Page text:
The latest Pfizer once-daily liquid medication only represents the first victory for young ADHD patients, who need more than drugs to improve their quality of care.
Pfizer acquired Quillivant XR, the first liquid ADHD medication, from Next Wave Pharmaceuticals as they plan to expand their established-products unit, by creating a reformulated version of an older, branded drug. This product will be available in US pharmacies in January while Next Wave continues working on a chewable tablet format of this ADHD mixture.
Ann Childress who is the president of the Centre of Psychiatry and Behavioural Medicine as well as one of the investigators in the laboratory study for Quillivant XR states that there is a need for a liquid ADHD medication. Not only are there are patients who have difficulties in swallowing pills or capsules but this once-daily liquid treatment has an effect for 12 hours after taking the initial dose.
Additionally, a US survey which featured mothers that have children with ADHD supports this new treatment. It states that 51% of respondents faced challenges adjusting to their children’s treatment schedule between holidays, school days and weekends. 81% of them would appreciate a long-lasting medication for the entire school day while 41% had to negotiate with their child to take the medication before school. Negotiation would occur as 52% claim that that their child did not like swallowing a pill or capsule.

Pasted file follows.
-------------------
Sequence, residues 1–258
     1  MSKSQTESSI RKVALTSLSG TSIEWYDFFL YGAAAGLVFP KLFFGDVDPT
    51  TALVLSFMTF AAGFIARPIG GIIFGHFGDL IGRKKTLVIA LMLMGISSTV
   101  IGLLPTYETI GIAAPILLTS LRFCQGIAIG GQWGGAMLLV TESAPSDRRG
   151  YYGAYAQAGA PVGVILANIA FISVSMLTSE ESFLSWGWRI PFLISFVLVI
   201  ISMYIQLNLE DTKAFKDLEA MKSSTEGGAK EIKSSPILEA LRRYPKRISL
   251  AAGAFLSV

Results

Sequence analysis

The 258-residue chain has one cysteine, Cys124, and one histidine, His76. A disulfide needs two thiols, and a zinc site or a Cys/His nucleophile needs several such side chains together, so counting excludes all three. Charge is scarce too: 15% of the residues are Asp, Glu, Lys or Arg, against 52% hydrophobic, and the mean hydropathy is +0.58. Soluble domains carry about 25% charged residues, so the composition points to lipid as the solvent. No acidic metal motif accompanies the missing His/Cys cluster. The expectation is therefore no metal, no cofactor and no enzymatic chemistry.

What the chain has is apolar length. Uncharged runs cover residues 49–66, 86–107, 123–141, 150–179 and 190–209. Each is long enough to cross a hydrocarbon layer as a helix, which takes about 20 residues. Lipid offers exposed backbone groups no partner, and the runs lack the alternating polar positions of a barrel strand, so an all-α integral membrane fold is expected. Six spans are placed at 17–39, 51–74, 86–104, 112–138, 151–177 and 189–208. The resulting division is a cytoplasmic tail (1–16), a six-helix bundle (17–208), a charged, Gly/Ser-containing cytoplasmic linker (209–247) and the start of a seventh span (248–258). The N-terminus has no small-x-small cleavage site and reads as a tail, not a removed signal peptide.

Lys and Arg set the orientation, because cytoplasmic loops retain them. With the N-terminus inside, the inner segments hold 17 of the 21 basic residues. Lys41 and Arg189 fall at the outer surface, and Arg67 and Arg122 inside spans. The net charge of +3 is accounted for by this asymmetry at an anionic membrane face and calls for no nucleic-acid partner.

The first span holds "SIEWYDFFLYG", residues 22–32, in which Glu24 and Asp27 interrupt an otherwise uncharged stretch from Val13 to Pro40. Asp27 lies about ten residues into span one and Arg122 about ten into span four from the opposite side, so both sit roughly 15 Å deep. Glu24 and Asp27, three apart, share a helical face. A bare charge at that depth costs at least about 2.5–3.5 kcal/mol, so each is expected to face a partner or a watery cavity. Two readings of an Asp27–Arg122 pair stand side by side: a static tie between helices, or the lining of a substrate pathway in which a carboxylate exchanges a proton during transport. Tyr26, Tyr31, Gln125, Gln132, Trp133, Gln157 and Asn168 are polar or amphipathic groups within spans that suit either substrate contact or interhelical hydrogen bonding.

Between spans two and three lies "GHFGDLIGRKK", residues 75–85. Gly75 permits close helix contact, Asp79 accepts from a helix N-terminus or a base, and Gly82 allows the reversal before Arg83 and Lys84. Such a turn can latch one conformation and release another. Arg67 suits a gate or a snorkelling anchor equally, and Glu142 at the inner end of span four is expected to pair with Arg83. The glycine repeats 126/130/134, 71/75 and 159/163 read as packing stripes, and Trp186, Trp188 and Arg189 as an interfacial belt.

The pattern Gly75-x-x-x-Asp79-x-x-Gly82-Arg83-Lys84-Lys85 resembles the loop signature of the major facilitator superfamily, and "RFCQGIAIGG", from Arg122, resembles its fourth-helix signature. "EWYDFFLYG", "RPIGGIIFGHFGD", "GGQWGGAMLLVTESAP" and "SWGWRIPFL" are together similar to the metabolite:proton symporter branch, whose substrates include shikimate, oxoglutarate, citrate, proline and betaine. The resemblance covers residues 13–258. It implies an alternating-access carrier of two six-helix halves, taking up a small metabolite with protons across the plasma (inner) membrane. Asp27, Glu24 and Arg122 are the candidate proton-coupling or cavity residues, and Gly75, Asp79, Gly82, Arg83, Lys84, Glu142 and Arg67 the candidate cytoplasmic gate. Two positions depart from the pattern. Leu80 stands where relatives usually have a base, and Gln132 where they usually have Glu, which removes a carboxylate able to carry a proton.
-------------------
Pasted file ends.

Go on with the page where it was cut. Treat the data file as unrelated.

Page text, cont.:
Despite this initial success, the pharmaceutical industry can develop more treatment options for young ADHD patients. According to a recent report relating to young children with ADHD in the UK and US, more non-medical treatment options are needed for ADHD but these are not always readily available. Author of the report, Dr. Ilina Singh reveals that this is due to the long waiting lists for various kinds of behavioural treatment as well as medical checkups that only focus on the children’s weight and side effects instead of helping them cope with the normality of life.
Furthermore, the report suggests that as some children matured over time; they were able to develop their own behavioural strategy which enabled them to stop the medication and manage their own actions. Through collaborating with doctors, the pharmaceutical industry could engage with these young patients by way of a discussion or questionnaire in order to find out the different ways that they manage their ADHD behaviour. With this information, pharmaceutical companies could develop behavioural strategies for children that initially work hand in hand with the relevant medication. Then, after a few months, Pharma could stop the medication and see whether a strategy has worked in order to test its rate of success. At first, the pharmaceutical industry would have to develop a strategy that fits in with their school day but then as they progress towards adulthood, strategies would vary according to the individual’s life.
By developing a liquid form of medication, Pfizer has diversified its product base while meeting a specific medical need. Although many pharmaceutical companies can learn from its example, Pfizer could gain more support for its new treatment option if it developed a behavioural programme to go with it. Like most other patients, young individuals with ADHD want to keep their quality of life regardless of their condition. Pharmaceutical companies should use the doctor’s experience of treating these types of patients to guide their next holistic victory for children with ADHD.
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